The result is that in dribs and drabs, and by underground routes, the coins come to the freer markets of Northern Europe and America. The country of origin obtains practically nothing. If the police get close, a selection of less interesting coins is left conveniently for them to find. If they get too close, the whole hoard is melted down; and whatever happens, scholarship is the loser in the failure of anyone competent to record the finds as they are made. Such hoards—and hundreds are found each year—are the lifeblood of numismatics, each one providing information on the circulation and chronology of the coins which it contains.

UNESCO, with the best intentions, has encouraged museums throughout the world to refrain from buying objects which may be suspected to have been smuggled out of the country where they were found. As far as coins are concerned this is also an injunction to have nothing to do with dealers, and thus to stop recording hoards that come onto the market. If this were to happen, scholarship would lose even more than it does at present. The sale of the Metropolitan coins in Switzerland must have shown to all the insatiable demand for coins of the ancient world, not by public institutions, but by private individuals. UNESCO cannot hope therefore to stem in this way the flow of coins and antiquities out of these countries.

The bureaucratic system, which has now built up suspicion among the authorities, collectors, and dealers, is directly responsible for new hoards being whisked out of the country. At the same time, a public collection in such countries has become one for which even the most noted scholar has to be vetted by some government department, and which local curators have no power to show. UNESCO should encourage the authorities of these countries to reassess the purpose of their museums toward serving the public interest. Only with a fair relationship with dealers and collectors can they hope to achieve a situation in which the state is offered material that by right should find a place in a national collection.

A collection should not be a haphazard conglomeration of objects, but should be amassed with a particular aim in view. A private collector with limited means may build a specialist collection which after only moderate expenditure may be of considerable value to scholars who share the same speciality. The Metropolitan Museum, as a museum of national proportions, caters to the specialist, to the artist, and to the historian; and its coin collection had thus grown long enough to be of considerable importance, even though its growth was stopped in 1909. The enthusiastic remarks of Sotheby’s cataloguers are sufficient witness to the artistic merit of the coins, and because so many had been collected in one place, the collection as a whole covered a wide spectrum of artistic and historic interest—from the early Greek world of the sixth century BC through the fourth century AD, a thousand years of artistic development, spanning two civilizations. Each piece that has been sold to a private collector has subtracted a vital part of the whole picture.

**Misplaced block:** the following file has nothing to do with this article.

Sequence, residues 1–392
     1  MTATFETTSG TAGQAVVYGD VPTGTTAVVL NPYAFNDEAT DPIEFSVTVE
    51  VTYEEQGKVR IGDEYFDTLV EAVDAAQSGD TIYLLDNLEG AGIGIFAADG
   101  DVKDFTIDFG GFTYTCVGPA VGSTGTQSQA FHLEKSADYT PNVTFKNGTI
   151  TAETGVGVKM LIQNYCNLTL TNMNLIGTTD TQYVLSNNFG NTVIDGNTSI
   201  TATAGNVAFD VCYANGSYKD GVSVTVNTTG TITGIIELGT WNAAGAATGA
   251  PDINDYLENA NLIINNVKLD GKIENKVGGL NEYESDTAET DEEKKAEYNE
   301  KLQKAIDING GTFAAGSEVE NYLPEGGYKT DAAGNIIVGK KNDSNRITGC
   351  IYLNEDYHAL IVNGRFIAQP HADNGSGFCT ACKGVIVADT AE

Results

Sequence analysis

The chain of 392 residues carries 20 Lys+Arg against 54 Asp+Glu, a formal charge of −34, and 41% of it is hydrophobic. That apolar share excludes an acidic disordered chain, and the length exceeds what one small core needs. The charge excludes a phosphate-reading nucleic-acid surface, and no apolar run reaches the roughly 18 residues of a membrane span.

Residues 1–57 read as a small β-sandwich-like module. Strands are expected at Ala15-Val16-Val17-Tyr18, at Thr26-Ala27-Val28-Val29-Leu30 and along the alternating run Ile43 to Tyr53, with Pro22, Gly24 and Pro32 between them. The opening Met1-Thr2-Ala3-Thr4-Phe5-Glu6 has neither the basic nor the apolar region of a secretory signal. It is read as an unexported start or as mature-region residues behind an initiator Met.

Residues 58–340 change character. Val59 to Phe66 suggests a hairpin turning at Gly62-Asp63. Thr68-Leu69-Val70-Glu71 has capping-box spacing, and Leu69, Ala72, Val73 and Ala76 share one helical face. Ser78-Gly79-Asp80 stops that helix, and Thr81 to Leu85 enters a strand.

Yet the artistic interest, since many of the coins already sold by Sotheby’s can be paralleled at the ANS and at museums in Europe, is in a wider sense less important than the interests of specialized historical scholarship. For it is not only future curators at the Metropolitan and visitors to the museum who are the losers. If the section now being bought by the ANS had been sold publicly, unique objects, the sole pieces of evidence for historical details of the Greek, Roman, and Islamic civilizations, would have been scattered to the corners of the earth. International scholarship would have been the loser. The ANS is faced with the tremendous task of buying these pieces; but at least we can be sure that they will remain there in perpetuo, and will be used regularly by scholars throughout the world for the benefit of our interpretation of the ancient world.

Professor Dietrich von Bothmer has written in the introduction to the first sale catalogue:

It should not be forgotten that the Roman coins gave birth to the art of the medallion, and it was Roman coins and medals that played so important a part in the rediscovery of classical antiquity that goes under the name of the Renaissance.

These and all the other coins in the catalogues that throw so much light on the art and history of Greek and Roman civilizations have been consciously thrown away by the present curators of the Metropolitan Museum in preference for a single vase, by a single artist, with a scene which, although extremely interesting, adds remarkably little to the history of art, and nothing to the history of the people.

(This was written before the Metropolitan Museum’s “Report on Art Transactions” was released in late June; but from accounts that have reached me in London, as this issue goes to press, there is nothing in the Report that changes the substance of this review.)

This Issue

July 19, 1973